But it's quite another thing for someone like Johnnie Watson, who was an assistant superintendent decider a long time ago when a bunch of schools were closed and some people with long memories never got over it, including Watson himself. Or Gerry House, who didn't close any schools while racking up National Superintendent of the Year honors. Or Carol Johnson, who sort of recommended closing some schools but more than offset any savings by recommending building new schools and rebuilding some old ones and turning the "closed" ones into community centers. And then she decided to move to Boston.

If you are a school-board decider you won't be one for long if you decide to support closing a school, especially if it is in your district. So school-board deciders spend their time on things like dress codes, corporal punishment, bus routes, food service, campaigning for school board or city council, and even academics.

But when you get right down to it, the real deciders are the teachers and principals who have to enforce the discipline policies and improve those academics. Assuming, of course, that their students decide to come to school and pay attention. Which many of them don't. So the graduation rate takes a hit even if the teachers are as dedicated as the 89 new teachers from Teach For America that decided to work in Memphis for two years and are determined to raise everyone’s performance, no excuses.

One of the things that Willie Herenton rarely gets any credit for is not second-guessing the school superintendent. For 16 years he refused to do it, despite several timely opportunities. Any reporter who spent any time around the mayor knew he had doubts. The day Herenton signs on to something called Little Red School House or Roots and Wings -- actual names of Gerry House-era reform models -- is the day roasting hogs leap from their spits and fly to Arkansas. His abstinence hurt him politically, because mayors are blamed for the big-picture things in their cities, schools included, whether or not they exercise much influence over them. But he kept quiet.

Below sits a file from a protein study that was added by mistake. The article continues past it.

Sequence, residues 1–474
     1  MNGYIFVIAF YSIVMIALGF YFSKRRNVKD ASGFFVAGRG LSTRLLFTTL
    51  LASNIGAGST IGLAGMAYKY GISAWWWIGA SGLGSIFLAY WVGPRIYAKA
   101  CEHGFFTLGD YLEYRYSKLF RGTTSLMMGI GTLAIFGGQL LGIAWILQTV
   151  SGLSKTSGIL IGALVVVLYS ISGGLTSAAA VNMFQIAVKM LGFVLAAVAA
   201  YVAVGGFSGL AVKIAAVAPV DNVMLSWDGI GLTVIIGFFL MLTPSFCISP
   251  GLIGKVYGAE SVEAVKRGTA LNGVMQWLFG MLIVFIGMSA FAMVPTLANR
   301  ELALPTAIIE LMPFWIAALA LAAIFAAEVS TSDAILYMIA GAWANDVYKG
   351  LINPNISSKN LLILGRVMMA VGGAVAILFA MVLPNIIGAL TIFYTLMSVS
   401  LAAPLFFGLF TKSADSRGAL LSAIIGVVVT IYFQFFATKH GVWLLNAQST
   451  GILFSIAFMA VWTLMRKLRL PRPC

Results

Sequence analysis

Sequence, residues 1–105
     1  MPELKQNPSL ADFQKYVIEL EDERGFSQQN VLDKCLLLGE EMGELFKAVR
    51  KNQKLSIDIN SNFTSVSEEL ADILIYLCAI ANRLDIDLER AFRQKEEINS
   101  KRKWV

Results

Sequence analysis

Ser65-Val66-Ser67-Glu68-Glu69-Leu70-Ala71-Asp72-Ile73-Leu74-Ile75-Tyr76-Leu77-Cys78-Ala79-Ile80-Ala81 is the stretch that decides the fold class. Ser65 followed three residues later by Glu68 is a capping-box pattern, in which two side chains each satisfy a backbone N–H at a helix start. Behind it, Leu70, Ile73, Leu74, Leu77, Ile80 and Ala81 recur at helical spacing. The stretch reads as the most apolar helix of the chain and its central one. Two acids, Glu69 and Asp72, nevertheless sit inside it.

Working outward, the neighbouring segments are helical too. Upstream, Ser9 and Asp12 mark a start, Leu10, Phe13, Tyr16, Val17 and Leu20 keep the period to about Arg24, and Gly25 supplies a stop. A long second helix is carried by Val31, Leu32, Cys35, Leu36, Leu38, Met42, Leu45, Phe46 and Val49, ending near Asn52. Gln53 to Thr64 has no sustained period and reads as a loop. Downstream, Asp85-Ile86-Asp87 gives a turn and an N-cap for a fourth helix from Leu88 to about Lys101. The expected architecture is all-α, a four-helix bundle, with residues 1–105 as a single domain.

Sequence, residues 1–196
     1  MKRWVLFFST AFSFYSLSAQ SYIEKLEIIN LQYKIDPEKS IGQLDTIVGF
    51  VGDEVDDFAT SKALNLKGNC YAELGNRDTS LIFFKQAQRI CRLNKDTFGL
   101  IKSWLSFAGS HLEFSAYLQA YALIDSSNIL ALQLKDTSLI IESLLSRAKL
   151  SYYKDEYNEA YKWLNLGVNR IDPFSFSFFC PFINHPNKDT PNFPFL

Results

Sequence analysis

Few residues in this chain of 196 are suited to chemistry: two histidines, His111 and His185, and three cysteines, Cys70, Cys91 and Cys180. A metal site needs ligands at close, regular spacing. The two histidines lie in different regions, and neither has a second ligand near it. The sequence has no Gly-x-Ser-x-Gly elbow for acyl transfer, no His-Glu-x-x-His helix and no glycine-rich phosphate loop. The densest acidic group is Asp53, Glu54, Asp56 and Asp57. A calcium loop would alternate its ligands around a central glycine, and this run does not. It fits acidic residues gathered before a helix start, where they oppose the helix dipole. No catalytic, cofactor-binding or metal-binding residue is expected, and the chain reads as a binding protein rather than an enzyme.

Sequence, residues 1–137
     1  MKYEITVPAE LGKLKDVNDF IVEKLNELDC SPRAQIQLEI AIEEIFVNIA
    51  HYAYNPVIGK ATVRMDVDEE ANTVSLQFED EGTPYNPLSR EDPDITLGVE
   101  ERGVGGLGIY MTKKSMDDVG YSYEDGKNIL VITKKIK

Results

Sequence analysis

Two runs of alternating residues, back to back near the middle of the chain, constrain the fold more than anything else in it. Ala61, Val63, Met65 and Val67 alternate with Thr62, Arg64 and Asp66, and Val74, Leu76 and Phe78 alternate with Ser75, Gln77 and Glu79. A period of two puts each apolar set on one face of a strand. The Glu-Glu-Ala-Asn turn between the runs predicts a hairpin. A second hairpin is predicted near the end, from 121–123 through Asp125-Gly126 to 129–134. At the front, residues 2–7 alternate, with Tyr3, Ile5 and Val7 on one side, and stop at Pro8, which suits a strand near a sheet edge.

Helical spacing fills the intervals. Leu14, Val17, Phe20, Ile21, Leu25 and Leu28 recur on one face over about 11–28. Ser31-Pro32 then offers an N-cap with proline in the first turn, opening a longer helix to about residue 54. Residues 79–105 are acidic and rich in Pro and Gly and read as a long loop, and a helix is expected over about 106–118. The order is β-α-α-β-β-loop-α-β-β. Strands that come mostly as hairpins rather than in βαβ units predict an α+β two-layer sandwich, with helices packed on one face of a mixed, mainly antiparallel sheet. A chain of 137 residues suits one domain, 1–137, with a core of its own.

In hindsight, it might have been better if he had bumped his big speech on schools ahead eight months. Then the 2007 mayoral election, with three credible candidates who were products of the Memphis City Schools, might have been a classic debate over two views of the world -- things as they are and things as they ought to be. Instead we had name-calling, drug challenges, and bitterness. The rest is history. What Memphis and the school board have to decide in the next 30 days is whether there should be a real superintendent decider or a bunch of deciders, and whether, style-wise, that man or woman should be as nice and congenial as, say, Gerry House, or as tough and crude as, say, a certain educator of Lean On Me fame when it comes to dealing with students who are not candidates for student council or homecoming court and teachers and principals who are not on anyone's search committee short list.

Whether the next superintendent is Nicholas Gledich, Kriner Cash, Yvonne Brandon, Willie Herenton, or someone else won't make much difference if he or she is not a real decider and leader with the know-how, command presence, and followers -- the "street cred," if you will -- to back it up.